Liddy Laird Uganda
After 40 years as a dentist, you do wonder what an ideal way would be to mark the end of your career. In my case, having previously been part of the 2019 Dentaid trip to Uganda, I couldn’t think of a better way than to volunteer once more for a trip to a country I love.
The other volunteers and I arrived in Uganda in September 2022 after uneventful flights from the UK, already excited and slightly apprehensive but wanting to get on with the job in hand. Under the knowledgeable guidance of our team leader Gail, we began sort out the selection of supplies we had brought, get used to the sights and sounds of Uganda, and begin to gel as a team. Over the next two weeks, we nine UK dental professionals, accompanied by six Ugandan dentists, held ten clinics and saw 1,354 patients.
The clinics were held in an orphanage, a community hall standing on the shores of Lake Victoria, several churches in rural communities, a health centre at the top of a very high mountain, and in two different prisons. It would be very difficult to get such a variety of locations in the UK.
As you can imagine, many miles were travelled – we drove from the centre of Uganda down to the south-west corner of the country. For one of the clinics we were right at the Ugandan border with Rwanda. The countryside was peaceful and quiet, apart from the vocal wildlife. Rural Uganda is stunning and picturesque. In many cases our roads to the clinics were red muran, un-tarmaced, extremely bumpy, and dusty as they wound their way round high hillsides.
Everywhere we worked, we met very friendly locals who were extremely grateful for our services. Many of them had walked huge distances to reach us. All ages were treated, from tiny tots to 90-year-olds. We also were hosted by local families who gave us feasts of local food.
Treatments at all the clinics were principally extractions; fillings, fluoride applications and scalings made up the rest. Every patient, whether they needed treatment or not, received oral hygiene instructions, and were given toothbrushes and toothpaste to take away. The trip was not all clinics and patients. We had a fabulous weekend safari for some very necessary R&R, and it was a complete animal fest.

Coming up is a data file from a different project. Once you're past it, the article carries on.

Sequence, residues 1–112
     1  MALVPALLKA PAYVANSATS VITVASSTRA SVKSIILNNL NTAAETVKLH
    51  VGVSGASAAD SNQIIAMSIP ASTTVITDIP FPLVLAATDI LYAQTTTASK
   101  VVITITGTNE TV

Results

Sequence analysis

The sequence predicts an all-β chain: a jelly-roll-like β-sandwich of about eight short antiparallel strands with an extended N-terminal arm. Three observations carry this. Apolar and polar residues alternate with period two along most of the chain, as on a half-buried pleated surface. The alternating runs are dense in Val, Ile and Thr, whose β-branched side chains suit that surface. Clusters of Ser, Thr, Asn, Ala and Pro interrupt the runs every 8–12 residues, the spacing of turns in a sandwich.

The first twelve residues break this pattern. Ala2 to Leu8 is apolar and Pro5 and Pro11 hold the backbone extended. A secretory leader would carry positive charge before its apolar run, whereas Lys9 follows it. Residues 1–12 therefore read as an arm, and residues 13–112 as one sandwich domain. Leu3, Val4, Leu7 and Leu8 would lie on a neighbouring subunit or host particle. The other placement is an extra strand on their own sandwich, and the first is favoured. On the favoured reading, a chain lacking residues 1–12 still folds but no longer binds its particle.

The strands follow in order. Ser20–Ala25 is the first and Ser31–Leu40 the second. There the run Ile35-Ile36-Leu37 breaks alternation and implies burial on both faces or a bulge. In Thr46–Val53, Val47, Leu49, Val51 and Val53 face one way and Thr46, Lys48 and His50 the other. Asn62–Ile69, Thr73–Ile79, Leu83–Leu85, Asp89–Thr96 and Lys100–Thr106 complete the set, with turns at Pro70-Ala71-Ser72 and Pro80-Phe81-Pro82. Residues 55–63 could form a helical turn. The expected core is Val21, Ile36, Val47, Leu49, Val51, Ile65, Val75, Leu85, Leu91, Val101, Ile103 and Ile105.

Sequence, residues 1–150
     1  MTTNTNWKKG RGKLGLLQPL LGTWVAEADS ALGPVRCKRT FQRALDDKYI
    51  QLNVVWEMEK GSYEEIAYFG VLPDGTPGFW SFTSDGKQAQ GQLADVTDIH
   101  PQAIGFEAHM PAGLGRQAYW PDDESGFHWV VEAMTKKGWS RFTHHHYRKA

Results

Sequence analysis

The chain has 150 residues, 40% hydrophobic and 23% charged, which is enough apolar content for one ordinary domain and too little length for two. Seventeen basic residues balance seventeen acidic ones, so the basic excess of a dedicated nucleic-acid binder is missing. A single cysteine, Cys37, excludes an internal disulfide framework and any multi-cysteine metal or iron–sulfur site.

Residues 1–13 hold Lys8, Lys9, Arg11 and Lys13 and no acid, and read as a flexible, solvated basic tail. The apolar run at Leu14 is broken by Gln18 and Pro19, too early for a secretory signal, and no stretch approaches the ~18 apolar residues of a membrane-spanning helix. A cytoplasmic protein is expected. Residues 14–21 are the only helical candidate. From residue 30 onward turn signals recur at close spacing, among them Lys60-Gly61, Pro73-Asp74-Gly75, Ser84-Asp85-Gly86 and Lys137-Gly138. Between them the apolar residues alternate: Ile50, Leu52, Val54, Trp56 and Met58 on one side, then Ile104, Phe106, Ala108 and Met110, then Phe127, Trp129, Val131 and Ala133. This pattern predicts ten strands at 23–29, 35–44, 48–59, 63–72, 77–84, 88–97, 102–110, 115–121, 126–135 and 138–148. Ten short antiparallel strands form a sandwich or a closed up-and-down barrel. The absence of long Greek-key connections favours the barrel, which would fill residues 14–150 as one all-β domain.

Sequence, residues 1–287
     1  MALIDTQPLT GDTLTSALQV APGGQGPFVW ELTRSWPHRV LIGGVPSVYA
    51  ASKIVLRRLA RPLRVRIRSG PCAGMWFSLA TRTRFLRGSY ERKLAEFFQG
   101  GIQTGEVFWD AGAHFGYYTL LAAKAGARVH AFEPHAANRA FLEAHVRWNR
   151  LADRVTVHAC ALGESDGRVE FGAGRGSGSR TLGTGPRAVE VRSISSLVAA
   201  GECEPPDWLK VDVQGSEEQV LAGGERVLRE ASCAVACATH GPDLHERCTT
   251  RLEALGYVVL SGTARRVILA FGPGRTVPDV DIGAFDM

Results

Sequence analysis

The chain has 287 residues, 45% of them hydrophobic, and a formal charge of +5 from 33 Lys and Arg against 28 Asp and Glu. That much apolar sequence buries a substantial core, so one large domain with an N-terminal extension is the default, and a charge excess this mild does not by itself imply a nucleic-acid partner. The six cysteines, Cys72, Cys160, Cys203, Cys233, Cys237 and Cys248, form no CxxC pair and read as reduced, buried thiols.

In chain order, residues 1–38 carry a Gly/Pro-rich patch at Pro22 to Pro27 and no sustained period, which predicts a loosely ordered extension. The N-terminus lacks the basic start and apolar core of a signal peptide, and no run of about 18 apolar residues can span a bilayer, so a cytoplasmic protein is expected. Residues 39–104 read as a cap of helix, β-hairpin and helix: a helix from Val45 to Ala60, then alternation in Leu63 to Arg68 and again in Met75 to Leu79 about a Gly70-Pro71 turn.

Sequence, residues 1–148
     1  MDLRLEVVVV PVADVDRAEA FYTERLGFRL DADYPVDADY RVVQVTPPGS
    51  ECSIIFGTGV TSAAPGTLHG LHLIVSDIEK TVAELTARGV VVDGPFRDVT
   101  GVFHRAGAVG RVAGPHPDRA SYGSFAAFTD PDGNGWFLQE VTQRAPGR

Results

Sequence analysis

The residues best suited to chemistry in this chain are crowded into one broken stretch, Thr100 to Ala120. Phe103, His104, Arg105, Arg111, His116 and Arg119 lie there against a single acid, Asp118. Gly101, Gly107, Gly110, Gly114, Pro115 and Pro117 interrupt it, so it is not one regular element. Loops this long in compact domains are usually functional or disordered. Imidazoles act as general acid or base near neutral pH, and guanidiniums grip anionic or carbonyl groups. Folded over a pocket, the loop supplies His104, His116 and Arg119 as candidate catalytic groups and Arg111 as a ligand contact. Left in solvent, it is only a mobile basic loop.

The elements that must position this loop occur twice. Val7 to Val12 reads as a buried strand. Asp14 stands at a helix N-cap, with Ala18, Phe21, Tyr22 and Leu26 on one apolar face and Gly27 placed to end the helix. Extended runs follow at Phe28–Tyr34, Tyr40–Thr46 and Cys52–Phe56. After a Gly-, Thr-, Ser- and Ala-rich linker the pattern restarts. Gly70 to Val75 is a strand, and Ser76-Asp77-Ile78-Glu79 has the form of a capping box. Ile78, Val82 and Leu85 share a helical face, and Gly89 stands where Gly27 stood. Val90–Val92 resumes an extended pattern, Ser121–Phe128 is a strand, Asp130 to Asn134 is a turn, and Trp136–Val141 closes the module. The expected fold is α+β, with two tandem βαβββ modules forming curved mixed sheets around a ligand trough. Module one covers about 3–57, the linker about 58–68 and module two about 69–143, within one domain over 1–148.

Lions, leopards, loads of elephants, buffaloes, and warthogs are all there in the wild. There was even the odd lizard visitor to our accommodation. The final three clinics were held in two separate male prisons in the centre of a large town called Mbarara. It was the first prison experience for most of us and a complete eye-opener. All the inmates were dressed in yellow uniforms and so many required dental treatment.
Working in open-sided tents in the central prison compound was hard work but very rewarding. After the second clinic at the main prison we had the privilege of being entertained by the prisoners’ cultural dance and drumming group.
Their joy at being able to perform for us to help relieve their prison life was obvious, and I certainly felt the emotion of that day by the time we returned to our hotel. The final clinic was also a prison setting but this time we worked on the open veranda of the prison health centre rather than in the compound.
I was given the honour of the last patient for the trip which was the extraction a lower premolar, and my final patient before retirement. Thank you, Dentaid, Gail, the Ugandan dentists, and my fellow volunteers for such a finish to my four decades as a dentist. At whatever stage of your dental career you are, the experience of being a dental volunteer with Dentaid will add lifetime memories and is an opportunity not to miss.
Written by Liddy Laird – Volunteer Dentist